A vast majority of Google Fiber’s customer service representatives, operating out of a store in Kansas City, Missouri, have signed union cards in hopes of negotiating their first contract with their bosses. They are organizing under the auspices of the Alphabet Workers Union, a year-old division of the Communication Workers of America that aims to represent employees and contractors at all levels of Google’s parent company.
The 11 employees — 10 of whom have signed a card since the union action began in October — are jointly employed by Google and an employment agency called BDS Connected Solutions. That’s not uncommon, given that the workforce plans go with Alphabet: A 2019 New York Times story found that temps and contractors made up the majority of the tech giant’s workforce, while a Recode report that same year indicated that this second class of workers earned significantly less than Google’s own full-time employees. According to two BDS employees who spoke to Engadget, customer representatives have felt left out of important conversations about personnel and safety protocols, and communication with management has deteriorated.
“We started by just asking, ‘Hey, what do you think of this idea? Do you feel like you have enough to say, in the circumstances you work in?’ We basically got a unanimous ‘No, I don’t feel like we do,'” Emrys Adair told Engadget. “It hasn’t always been like this,” said Mike Knox, who has been a Google Fiber representative for several years, “the overall relationship between management and employees. It used to be closer.” Kansas City was the very first market where Google Fiber was launched, almost a decade ago.
What makes this push to form a negotiating unit somewhat unusual, however, is the decision to petition the National Labor Relations Board directly. Usually this is the longer, more difficult option when an employer refuses to voluntarily recognize a union. But according to Adair, Alphabet and BDS have not tried to nullify the union drive, nor have they expressed a willingness to acknowledge it. Google and BDS did not respond to requests for comment from Engadget.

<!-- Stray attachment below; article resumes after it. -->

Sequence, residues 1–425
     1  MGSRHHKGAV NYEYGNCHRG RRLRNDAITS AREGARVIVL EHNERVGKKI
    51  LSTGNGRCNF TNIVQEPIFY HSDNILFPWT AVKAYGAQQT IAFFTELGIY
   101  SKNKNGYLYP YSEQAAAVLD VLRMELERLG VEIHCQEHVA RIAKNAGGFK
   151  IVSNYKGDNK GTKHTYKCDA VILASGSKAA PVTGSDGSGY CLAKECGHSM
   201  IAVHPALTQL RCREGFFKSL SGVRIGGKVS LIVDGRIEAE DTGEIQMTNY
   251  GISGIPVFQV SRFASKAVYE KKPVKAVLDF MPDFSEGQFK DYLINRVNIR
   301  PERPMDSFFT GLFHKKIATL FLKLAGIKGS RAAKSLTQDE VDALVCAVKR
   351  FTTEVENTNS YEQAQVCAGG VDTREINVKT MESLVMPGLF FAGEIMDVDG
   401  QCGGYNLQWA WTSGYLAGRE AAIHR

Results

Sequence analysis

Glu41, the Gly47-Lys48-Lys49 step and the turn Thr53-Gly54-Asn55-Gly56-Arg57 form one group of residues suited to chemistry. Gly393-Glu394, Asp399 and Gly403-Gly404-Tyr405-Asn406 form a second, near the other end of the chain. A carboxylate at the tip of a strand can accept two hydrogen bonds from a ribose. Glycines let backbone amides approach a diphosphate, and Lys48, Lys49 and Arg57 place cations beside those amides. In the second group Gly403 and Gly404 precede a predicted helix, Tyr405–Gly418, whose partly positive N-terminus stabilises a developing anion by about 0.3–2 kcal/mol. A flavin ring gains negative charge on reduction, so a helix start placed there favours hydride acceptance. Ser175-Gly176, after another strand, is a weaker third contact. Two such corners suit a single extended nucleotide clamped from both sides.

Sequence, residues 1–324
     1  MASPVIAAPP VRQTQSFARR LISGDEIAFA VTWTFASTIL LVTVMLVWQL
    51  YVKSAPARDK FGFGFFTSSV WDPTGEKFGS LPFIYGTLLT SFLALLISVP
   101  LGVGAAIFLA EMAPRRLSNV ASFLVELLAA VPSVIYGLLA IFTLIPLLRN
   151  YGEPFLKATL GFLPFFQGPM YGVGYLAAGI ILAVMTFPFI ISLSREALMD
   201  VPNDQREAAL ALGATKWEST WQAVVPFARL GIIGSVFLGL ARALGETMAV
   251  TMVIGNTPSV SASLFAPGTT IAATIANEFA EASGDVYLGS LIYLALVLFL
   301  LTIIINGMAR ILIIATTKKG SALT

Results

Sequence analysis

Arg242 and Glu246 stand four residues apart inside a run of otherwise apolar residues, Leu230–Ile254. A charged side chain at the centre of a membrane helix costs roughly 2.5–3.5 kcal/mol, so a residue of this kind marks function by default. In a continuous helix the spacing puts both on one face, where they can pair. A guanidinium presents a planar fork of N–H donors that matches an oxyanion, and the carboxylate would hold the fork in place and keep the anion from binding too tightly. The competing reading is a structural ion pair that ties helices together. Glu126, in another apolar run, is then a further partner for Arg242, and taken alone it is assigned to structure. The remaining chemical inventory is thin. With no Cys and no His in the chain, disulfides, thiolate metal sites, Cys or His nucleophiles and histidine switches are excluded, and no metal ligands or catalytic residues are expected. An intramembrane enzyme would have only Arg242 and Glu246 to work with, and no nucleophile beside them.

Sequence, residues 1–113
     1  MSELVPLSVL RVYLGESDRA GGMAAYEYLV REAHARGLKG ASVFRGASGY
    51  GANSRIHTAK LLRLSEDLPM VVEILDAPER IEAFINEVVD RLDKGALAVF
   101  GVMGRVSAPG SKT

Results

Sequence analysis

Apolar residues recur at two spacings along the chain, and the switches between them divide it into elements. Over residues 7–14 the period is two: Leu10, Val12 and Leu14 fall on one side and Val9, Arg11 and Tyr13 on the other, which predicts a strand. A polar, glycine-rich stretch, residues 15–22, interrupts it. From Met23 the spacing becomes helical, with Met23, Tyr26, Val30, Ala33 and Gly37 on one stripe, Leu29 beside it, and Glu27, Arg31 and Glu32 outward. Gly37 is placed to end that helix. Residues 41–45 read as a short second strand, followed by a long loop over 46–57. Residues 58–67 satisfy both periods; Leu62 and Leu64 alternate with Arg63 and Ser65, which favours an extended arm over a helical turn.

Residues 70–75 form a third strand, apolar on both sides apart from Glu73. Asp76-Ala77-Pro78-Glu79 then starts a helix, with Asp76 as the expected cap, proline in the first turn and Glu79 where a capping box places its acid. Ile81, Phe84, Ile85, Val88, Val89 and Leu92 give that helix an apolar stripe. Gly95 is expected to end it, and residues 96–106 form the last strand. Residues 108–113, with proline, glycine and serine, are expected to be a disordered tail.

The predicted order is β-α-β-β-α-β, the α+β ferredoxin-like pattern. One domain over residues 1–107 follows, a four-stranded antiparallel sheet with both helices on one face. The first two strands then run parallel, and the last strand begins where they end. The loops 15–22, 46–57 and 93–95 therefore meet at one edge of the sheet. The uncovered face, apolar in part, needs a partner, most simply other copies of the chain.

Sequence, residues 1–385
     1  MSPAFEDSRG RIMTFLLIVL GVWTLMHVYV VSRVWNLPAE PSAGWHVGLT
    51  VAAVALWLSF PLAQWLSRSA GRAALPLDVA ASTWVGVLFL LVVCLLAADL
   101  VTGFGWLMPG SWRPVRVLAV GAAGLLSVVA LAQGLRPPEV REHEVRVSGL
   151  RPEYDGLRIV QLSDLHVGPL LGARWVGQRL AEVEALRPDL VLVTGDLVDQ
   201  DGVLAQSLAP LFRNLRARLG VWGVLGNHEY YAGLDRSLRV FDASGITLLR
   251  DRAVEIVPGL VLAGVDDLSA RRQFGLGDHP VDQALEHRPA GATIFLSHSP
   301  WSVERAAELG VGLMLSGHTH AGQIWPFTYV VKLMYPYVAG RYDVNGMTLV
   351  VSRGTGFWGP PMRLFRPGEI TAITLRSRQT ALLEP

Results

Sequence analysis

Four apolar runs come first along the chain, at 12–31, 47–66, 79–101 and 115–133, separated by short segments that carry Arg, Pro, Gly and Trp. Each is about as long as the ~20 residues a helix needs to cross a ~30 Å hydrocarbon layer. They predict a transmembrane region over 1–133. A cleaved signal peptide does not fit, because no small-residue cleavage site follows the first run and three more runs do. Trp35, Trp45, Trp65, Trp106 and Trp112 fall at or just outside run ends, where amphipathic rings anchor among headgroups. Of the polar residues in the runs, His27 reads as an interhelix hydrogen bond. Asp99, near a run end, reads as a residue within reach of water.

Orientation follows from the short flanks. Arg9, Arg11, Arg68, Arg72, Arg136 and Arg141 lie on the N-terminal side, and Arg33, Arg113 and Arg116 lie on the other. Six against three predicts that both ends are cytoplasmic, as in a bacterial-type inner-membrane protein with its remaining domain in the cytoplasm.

Like many workplaces in recent years, these service workers have cycled closures, shorter hours and the occasional need to isolate and work remotely when a colleague tests positive for COVID-19. While they didn’t want to give too much detail about what they would hope to get in a first contract, one of the perks they want to gain is the risk compensation. “In terms of actual COVID precautions, they’ve done quite well,” Adair said. “Our main concern is just that we’re still personally working in-store in a pandemic, which in itself, however you do it, is a risk.”
It could take months or years for the NLRB to make a ruling on these employees’ right to form a bargaining unit. In the meantime, Knox hopes it will spur others within Google Fiber into action. “We really hope this inspires in that regard,” he said. “We hope this is a flashpoint where other people can see that and decide to push for more input.”
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